A big part of the success of your strategy will depend on your ability to be disciplined. Why? Because it’s so much about which day you should trade or how often, it’s about taking the emotion out of it. I think the most important part is to be consistent over the long term. How so?
First, you should decide what your criteria is for trading. It would usually be one of two things:
-Either you have a set amount of money to invest (through savings, dividends, etc)
-Or you use a set frequency
I personally prefer trading at given dates. We discuss the way to get the trades done in another post but the overall mission should be clear:
–Rebalance to replicate to your target portfolio by minimizing your trading fees
What this means is that if you should have 25.0% of your money in one ETF and you currently have 24.7%, it’s very likely that you should not be trading as that would be more costly with little to no benefits. There is no set rule but I would say that as a rule of thumb, every rebalancing should bring your actual weights within 5% of their targets.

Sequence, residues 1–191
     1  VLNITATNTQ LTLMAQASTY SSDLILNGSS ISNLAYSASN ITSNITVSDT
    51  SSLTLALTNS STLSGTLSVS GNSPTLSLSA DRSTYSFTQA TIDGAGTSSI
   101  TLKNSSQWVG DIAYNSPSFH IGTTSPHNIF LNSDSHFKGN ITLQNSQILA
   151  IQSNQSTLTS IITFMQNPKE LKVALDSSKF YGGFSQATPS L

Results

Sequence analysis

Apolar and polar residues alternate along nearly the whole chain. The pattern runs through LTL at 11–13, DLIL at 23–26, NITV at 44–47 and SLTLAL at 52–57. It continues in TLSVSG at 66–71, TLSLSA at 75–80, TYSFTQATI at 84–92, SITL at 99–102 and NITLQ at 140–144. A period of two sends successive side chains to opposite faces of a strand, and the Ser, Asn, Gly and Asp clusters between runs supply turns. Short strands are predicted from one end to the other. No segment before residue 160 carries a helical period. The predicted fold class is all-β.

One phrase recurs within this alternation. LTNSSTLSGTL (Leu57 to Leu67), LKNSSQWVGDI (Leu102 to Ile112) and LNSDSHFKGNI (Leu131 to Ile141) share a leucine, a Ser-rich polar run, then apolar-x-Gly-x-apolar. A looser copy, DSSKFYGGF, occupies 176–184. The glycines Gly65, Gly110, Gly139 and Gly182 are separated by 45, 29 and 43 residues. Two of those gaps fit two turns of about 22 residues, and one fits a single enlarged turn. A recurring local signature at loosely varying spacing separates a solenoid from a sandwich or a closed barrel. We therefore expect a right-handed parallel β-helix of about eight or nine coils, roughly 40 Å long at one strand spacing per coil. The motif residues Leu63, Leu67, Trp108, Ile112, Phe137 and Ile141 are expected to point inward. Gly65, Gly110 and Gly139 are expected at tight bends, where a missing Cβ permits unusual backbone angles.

If you prefer rebalancing each time that you have a set amount of money, I would not go much lower than $2000. The goal is once again to diminish the cost. Of course, you do not want to set the amount too high as the non-invested amounts will tend to perform worse over time. It’s all about finding the right balance.
Over time, you will be tempted to modify that methodology. Why? Mostly because of emotions. If stocks start to lose value very quickly, you might be afraid and wait longer to put more into the market. That will unfortunately generally mean missing the rebound as well. If it can help, you could write down those rules and read them over when you will be tempted. Be consistent.